More importantly is the progression over time. If he were to increase from 100X5 to 120X5 on the OHP, that would be progressive tension overload. If he goes from 40X8 to 50X8 on the lateral, that’s progressive tension overload (assuming the above qualifications on technique, etc. hold). You can NOT compare the poundage on two different exercises and overload is defined ONLY to the specific exercise.
All of the Qualifications at Once
So there ya’ have it, if you add weight to the bar over time without changing technique and only consider that weight increase relative to the specific exercise and the starting point, that will lead to growth at least if you’re working in a moderate repetition range. But since that is too long to type all the time, I just condense it into the following “Progressive tension overload, as marked by adding weight to the bar, is the key to growth.” The other stuff is implied.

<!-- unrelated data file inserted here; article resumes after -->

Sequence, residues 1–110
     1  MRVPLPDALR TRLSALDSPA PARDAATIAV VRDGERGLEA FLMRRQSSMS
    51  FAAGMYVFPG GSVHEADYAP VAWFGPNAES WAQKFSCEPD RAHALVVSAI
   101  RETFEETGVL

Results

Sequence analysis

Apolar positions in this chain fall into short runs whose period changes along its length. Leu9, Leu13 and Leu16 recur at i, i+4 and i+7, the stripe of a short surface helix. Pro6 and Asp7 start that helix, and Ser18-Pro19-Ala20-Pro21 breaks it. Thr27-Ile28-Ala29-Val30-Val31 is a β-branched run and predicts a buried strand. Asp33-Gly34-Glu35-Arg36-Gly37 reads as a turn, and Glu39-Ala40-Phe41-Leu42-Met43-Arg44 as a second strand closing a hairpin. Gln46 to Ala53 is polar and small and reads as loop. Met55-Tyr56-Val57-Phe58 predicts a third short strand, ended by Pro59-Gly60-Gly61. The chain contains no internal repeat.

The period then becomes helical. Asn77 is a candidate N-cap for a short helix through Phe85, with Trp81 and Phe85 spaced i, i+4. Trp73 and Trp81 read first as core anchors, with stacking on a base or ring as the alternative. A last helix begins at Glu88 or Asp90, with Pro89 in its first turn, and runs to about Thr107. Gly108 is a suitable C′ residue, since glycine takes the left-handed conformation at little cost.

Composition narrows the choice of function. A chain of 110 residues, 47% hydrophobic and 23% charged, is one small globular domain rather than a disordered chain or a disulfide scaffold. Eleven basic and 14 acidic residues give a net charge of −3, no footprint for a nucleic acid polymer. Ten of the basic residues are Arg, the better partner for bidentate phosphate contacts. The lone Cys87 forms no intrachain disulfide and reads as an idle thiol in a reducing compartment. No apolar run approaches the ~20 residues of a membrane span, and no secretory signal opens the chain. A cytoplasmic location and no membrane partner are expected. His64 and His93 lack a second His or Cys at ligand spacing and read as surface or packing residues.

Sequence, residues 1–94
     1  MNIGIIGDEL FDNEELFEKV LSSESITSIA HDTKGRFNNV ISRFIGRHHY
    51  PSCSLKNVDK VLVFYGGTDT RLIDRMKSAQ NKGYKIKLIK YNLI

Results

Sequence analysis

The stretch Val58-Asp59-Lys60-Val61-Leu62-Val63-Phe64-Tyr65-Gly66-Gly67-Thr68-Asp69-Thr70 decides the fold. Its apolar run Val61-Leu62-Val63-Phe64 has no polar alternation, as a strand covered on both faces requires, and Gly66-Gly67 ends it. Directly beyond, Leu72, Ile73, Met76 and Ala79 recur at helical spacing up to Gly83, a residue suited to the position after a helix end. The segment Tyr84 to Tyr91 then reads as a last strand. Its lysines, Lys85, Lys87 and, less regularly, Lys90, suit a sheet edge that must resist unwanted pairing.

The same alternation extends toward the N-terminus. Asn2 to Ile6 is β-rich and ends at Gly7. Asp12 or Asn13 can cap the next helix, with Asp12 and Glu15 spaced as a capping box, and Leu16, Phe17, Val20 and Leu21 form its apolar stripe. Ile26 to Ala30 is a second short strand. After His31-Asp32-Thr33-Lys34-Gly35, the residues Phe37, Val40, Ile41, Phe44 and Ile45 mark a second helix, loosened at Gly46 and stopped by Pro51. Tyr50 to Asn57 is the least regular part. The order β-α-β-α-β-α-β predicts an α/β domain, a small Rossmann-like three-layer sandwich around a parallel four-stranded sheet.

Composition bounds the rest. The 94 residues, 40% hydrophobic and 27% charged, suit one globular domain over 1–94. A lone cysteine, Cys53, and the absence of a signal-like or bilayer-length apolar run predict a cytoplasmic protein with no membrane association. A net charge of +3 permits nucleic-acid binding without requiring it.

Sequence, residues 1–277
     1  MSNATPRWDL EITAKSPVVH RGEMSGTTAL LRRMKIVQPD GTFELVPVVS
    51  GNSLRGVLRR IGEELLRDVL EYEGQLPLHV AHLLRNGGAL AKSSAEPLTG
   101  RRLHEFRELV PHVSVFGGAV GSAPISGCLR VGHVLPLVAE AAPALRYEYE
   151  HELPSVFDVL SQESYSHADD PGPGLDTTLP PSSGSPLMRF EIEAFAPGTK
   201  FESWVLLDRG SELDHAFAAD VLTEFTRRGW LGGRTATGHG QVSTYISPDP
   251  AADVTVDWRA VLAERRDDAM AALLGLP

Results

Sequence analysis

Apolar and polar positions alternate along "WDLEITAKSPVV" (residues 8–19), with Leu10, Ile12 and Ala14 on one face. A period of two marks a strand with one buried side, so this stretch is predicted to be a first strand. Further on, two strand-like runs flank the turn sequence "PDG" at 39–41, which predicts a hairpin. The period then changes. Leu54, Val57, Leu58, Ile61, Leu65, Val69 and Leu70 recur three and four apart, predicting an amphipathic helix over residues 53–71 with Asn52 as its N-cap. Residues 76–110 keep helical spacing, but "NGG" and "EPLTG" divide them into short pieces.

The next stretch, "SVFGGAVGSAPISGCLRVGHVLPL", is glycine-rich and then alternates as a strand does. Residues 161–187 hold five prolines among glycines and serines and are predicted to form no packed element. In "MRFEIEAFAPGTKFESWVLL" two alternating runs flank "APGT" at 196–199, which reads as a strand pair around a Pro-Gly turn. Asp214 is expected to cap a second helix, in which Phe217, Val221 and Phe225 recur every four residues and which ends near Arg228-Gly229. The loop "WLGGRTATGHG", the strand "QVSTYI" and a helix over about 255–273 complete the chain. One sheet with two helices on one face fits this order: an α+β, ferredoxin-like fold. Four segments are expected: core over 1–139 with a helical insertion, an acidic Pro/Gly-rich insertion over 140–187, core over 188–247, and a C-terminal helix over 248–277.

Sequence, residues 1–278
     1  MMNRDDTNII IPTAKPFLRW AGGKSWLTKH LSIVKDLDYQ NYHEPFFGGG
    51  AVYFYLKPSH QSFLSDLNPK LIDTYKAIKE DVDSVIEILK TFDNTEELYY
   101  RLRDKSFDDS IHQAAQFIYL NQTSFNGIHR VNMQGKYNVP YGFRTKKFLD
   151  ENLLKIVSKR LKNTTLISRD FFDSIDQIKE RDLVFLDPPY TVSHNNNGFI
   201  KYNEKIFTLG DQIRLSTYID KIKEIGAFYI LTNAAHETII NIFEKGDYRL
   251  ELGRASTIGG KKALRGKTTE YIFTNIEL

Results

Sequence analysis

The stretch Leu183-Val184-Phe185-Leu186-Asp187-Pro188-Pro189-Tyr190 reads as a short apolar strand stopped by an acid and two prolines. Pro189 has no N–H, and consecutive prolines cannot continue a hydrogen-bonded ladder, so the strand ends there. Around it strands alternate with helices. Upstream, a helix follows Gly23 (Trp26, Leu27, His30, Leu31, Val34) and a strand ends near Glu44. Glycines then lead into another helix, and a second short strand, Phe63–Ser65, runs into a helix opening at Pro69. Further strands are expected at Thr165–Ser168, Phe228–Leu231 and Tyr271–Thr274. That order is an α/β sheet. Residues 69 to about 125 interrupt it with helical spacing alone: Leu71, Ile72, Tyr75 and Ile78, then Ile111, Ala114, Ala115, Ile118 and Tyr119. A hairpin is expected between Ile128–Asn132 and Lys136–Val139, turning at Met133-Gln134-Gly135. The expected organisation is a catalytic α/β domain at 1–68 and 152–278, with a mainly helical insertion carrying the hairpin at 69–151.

And that brings me to the end of this series, the last big cockup mis-understanding people make when I try to explain to them what apparently every physiology researcher knows but Internet geniuses can’t wrap their heads around: that adding weight to the bar over time is part and parcel of the training stimulus. And it has to do with the idea of being strong versus getting stronger.
Being Strong vs. Getting Stronger: Part 1
This actually has two different components to it but sort of covers both mistakes people make. The first is to try to look at someone’s absolute poundages in an attempt to say how big they should or shouldn’t be. So if a guy benches 300 or 200 that should automatically indicate how big he should be. That’s a mistake. I just want to expand on it here.
In a podcast on Jugglife, Ed Coan, arguably the greatest powerlifter of all time, commented
The first time I deadlifted I pulled 430 at a bodyweight of 135.
Which on top of being utterly depressing would seem to go against the idea that the weight on the bar is even related to muscular size. Most guys who are much heavier can’t pull that but let me reiterate that this isn’t about comparing two individuals to one another.